CrimProf Blog

Editor: Kevin Cole
Univ. of San Diego School of Law

Monday, October 20, 2008

Experts: Fla. conviction possible without toddler's body

Anthonyx  Prosecutors have DNA tests and hair samples. They have testimony about "the smell of death" in the trunk of the suspect's car.

What they do not have is a body.

Prosecutors building a case against a single 22-year-old Florida mother accused of killing her young daughter will have to rely on forensic evidence and convince a jury that Casey Anthony lacks credibility and had a motive, legal experts say.

To help build the case, the prosecutor will be using what he described as cutting-edge forensic tests, including air testing for compounds released when a body decomposes.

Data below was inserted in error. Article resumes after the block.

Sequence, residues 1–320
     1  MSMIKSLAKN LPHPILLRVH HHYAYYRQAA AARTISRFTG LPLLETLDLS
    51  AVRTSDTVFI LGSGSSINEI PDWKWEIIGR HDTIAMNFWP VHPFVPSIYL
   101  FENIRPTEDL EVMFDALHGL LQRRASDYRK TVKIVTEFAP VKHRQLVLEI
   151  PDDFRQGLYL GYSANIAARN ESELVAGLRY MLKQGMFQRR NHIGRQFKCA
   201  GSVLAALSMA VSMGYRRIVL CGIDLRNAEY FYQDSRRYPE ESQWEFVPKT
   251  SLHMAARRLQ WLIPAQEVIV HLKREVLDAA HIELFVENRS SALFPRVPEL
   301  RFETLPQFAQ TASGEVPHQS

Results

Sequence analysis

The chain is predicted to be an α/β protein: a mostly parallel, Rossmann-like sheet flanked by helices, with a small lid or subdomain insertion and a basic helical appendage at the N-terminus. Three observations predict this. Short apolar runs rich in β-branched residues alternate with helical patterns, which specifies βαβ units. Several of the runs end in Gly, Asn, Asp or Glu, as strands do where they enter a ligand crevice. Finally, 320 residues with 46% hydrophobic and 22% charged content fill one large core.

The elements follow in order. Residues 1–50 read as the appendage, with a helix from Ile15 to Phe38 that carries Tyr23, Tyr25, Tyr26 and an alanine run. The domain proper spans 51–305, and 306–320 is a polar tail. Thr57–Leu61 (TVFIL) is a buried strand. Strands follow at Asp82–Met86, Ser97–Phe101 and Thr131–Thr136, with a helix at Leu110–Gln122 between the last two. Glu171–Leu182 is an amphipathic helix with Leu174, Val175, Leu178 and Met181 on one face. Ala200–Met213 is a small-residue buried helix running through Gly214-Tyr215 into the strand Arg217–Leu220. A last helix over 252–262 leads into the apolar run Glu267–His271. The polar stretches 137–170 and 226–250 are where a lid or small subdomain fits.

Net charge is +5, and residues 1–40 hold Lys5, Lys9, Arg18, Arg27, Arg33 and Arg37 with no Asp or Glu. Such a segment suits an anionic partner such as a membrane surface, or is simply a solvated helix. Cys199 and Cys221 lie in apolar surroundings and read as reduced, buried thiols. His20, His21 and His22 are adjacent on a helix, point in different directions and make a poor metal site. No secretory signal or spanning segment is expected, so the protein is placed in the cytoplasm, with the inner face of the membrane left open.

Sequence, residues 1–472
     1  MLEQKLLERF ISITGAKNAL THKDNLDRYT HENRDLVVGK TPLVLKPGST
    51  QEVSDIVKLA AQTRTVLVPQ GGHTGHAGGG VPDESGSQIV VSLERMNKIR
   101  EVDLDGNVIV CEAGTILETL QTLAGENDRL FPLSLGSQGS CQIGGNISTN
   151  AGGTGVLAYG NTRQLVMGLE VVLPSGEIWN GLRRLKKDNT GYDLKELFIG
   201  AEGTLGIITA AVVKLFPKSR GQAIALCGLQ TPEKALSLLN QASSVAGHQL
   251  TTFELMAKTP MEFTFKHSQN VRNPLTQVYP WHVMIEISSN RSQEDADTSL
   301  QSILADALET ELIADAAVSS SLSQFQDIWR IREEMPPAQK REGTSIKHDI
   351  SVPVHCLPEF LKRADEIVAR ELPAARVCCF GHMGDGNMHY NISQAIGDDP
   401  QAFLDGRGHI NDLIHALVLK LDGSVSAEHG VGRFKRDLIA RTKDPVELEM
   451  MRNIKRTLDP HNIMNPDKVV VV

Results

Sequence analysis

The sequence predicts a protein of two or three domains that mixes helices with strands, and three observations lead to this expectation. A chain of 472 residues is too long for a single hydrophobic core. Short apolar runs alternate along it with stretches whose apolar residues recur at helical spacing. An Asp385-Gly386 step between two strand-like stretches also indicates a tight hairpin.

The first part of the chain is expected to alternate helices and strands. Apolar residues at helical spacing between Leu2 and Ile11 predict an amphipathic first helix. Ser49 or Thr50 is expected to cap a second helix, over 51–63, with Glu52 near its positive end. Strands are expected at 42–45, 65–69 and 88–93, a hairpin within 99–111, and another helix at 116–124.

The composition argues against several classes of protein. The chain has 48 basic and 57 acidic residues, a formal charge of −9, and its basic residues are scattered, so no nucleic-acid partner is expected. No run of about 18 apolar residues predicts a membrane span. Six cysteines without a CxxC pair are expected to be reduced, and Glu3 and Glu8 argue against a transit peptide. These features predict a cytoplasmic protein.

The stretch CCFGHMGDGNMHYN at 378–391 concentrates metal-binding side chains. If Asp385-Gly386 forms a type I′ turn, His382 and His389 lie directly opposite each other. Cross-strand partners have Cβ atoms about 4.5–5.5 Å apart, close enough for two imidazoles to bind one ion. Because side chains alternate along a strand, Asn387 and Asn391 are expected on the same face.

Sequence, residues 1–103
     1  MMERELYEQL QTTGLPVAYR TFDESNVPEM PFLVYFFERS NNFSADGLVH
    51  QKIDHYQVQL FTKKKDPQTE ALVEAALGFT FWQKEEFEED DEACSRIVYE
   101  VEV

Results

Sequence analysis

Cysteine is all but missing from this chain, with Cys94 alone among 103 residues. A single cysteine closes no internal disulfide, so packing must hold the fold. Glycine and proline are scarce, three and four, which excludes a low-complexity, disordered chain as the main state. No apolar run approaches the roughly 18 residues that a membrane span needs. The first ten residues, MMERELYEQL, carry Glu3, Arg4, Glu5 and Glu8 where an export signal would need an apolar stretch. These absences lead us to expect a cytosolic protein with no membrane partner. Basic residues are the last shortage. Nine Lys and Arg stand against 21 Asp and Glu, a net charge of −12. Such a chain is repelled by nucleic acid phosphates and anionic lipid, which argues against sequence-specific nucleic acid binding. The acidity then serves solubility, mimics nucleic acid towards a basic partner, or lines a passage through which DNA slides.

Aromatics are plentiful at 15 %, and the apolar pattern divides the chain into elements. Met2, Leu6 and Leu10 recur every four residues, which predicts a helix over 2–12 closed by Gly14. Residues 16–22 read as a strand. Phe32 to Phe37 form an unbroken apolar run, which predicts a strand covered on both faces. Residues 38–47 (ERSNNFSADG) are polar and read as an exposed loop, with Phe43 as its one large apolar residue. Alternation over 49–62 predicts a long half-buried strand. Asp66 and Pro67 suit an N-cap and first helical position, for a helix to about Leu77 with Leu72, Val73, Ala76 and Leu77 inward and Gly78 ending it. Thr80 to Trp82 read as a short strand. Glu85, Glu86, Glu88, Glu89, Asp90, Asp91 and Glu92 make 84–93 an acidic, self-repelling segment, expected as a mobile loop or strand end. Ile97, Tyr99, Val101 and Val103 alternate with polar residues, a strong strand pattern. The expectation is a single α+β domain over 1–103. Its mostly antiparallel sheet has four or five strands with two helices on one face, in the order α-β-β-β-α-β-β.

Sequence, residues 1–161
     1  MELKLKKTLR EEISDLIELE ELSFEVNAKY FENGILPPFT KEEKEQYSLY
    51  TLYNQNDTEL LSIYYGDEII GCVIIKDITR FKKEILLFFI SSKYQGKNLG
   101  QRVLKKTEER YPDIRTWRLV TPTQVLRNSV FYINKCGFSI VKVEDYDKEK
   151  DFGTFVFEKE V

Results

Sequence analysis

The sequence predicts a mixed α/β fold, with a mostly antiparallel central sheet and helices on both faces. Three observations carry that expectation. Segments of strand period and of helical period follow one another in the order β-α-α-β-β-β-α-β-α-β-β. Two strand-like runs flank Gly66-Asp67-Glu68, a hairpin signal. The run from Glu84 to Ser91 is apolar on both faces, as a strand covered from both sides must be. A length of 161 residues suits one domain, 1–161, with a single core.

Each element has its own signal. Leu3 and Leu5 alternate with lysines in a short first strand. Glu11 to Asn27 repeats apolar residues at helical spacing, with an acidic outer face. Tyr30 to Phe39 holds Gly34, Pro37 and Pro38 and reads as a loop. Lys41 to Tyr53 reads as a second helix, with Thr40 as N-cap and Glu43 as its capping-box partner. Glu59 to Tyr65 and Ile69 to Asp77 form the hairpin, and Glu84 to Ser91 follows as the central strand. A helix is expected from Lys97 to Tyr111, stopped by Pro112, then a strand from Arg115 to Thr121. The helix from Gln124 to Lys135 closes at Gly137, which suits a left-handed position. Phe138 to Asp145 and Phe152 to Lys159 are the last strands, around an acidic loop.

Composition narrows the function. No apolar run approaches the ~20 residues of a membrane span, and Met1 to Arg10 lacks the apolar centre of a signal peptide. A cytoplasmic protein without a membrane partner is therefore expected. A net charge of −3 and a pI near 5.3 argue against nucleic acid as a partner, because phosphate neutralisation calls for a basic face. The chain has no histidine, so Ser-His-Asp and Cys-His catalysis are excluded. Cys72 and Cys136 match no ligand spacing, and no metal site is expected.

Prosecutors have not been specific about how the evidence led to charges against Anthony, but experts say it is possible to get a conviction without a body, with several cases, including some in Florida, as examples.

"Sometimes circumstantial evidence is as powerful, or more powerful than the body itself," said Donald Jones, a professor of criminal law at the University of Miami law school.

Since 3-year-old Caylee Anthony's disappearance was reported in July, investigators have taken air samples from her mother's car trunk and tested for the presence of her DNA. Hair samples also have been analyzed. The FBI and the Oak Ridge National Laboratory at the University of Tennessee performed the tests.

"The investigation contains intricate forensics that are on the cutting edge of science," said Lawson Lamar, State Attorney in Orange County.

It's not known how the forensics will play in court or for a jury. [Mark Godsey]

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